Two weeks later, Ida gets a letter from the film board (addressed to "Ida T. Lucas"), telling her that her powerful film about "the effect of war on children" has been selected as a finalist, and that she and her family should come to the awards ceremony on the 2nd of September. Ida is thrilled, despite the misunderstanding, while Cookie is bothered by the idea of accepting an award for the film under what seem to be false pretenses, while Ida insists that it's not lying... especially if no one tells.

Ida is talking about the award with her mother, an artist who is making a drawing. Ida tries to conceal the misunderstanding by saying she has lost the letter, but is forced to reveal that she still has it: already, her cover story is falling apart. Her mother reads the letter and expresses surprise (and perhaps, a note of skepticism) that Ida would take on a profound topic like war in her amateur film.

Finally, awards night arrives, but Ida tries to chicken out, claiming that she's sick. (Comically, she claims to have an ulcer, and that she's afraid it's contagious.) Clearly guilt-stricken over her lie of omission, Ida asks her mother a veiled question: if someone misunderstood one of her mother's pictures, but still liked it, is it right to correct them? Her mother insists that it's the right thing to do, especially since she'd be the only person who could reveal the truth. She also reassures Ida that she'll always be proud of her, even if she doesn't win. Suddenly, Ida's "ulcer" miraculously clears up, and she's eager to go to the awards.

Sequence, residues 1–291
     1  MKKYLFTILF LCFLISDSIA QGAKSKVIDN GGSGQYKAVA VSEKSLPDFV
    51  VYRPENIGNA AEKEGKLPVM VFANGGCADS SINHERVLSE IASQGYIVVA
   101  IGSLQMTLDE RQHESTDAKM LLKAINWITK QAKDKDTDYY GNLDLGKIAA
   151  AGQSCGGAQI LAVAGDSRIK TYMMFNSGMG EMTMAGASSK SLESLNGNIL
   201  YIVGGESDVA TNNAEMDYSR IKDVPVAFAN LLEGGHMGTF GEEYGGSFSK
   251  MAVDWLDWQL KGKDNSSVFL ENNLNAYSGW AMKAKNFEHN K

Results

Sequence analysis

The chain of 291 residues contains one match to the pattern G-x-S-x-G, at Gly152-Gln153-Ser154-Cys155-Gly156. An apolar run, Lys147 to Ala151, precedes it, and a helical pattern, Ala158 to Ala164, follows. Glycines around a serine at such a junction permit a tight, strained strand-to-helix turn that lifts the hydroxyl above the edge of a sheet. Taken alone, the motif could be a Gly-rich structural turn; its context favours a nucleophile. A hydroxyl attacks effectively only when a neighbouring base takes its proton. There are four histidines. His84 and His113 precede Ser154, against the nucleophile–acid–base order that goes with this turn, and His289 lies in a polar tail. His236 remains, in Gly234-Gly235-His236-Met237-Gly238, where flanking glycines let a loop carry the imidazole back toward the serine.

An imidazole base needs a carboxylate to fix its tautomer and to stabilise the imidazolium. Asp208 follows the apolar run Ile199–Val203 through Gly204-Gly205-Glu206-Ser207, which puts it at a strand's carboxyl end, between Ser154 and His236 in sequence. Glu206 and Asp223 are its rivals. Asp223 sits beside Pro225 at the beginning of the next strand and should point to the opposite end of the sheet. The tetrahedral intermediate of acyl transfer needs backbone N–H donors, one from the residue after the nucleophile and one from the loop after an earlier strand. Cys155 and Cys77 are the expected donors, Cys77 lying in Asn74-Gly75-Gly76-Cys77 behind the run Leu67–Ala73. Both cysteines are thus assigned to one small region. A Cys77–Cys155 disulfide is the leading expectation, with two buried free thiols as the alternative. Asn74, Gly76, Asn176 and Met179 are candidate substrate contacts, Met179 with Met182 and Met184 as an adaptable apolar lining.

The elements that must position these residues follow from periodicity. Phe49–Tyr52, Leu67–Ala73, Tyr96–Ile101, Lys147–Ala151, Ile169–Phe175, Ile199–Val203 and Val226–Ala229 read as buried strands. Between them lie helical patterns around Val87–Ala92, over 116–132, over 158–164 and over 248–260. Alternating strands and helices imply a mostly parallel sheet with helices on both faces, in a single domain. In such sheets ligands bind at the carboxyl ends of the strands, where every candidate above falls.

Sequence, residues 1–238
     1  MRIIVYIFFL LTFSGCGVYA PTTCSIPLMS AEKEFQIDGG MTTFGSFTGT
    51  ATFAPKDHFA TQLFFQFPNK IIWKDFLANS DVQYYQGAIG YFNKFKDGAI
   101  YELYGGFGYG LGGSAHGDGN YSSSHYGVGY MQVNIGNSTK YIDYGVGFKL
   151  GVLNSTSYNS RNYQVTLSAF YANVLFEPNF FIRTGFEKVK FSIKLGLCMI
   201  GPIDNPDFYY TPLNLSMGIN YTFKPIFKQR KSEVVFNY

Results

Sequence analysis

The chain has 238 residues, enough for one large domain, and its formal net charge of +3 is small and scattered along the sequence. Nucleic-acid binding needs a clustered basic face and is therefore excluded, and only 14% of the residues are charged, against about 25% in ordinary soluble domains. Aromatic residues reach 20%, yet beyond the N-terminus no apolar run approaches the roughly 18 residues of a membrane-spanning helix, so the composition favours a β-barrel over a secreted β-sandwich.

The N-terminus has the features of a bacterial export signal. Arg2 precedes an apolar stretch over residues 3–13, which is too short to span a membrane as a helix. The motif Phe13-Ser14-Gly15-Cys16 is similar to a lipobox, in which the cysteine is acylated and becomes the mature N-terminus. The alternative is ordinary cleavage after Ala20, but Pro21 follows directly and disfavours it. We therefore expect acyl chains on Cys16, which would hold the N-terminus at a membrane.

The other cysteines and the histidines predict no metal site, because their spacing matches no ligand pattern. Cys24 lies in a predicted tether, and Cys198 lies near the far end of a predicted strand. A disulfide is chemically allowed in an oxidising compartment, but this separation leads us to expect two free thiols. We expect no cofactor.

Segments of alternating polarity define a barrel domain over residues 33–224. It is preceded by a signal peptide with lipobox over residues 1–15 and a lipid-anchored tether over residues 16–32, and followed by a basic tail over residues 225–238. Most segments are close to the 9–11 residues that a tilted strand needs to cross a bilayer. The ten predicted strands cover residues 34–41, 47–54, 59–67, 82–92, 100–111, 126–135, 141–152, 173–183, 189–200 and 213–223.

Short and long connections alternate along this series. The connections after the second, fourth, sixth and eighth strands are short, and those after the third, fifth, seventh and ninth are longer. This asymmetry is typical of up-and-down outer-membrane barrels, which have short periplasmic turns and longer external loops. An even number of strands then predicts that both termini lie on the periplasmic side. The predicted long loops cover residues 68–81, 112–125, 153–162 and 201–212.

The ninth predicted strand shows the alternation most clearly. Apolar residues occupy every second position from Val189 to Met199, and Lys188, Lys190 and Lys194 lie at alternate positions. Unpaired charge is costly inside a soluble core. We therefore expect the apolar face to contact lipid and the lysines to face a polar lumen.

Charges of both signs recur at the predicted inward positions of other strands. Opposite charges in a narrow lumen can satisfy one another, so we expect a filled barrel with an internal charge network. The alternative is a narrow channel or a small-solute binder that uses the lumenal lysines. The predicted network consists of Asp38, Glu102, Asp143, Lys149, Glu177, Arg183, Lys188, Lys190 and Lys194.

At the ceremony, the award is presented by the kindly Mr. Druffle, who announces that Ida's work, on "how devastating war is to children," is the winner. The film is then shown, with Ida and the kids then realizing how, with Fred and Cookie fighting, and him wearing the helmet, the film could be misinterpreted as a powerful anti-war statement. So when Ida reluctantly takes the podium, she tries to decline the award in a fit of conscience, explaining to Mr. Druffle how the mistake came about. Clearly taken aback, by the confession, Mr. Druffle then decides that since she did win the award on merit, and since honesty should be rewarded, that the Board will allow Ida to keep the award anyway. He then encourages a round of applause for Ida's film, on "how to wage war... on garbage."

Trivia

  • The story was adapted from the 1974 children's picture book Ida Makes a Movie written by Kay Chorao. However, since the original story was an anthropomorphic tale whose characters were cats and PWT lacked the budget or skill set for animation, it had to be inexpensively adapted with a human-centric screenplay by Amy Jo Cooper. The movie was produced and directed, in tandem, by Linda Schuyler and Kit Hood, using locations on De Grassi Street in Toronto, where Schuyler lived at the time. Ida's house was a location borrowed from Linda Schuyler's good friend, Bruce Mackey, who would later appear in other episodes of the series. His dog, Rayn, also appears in the film.
  • This was the first episode of the Degrassi Franchise.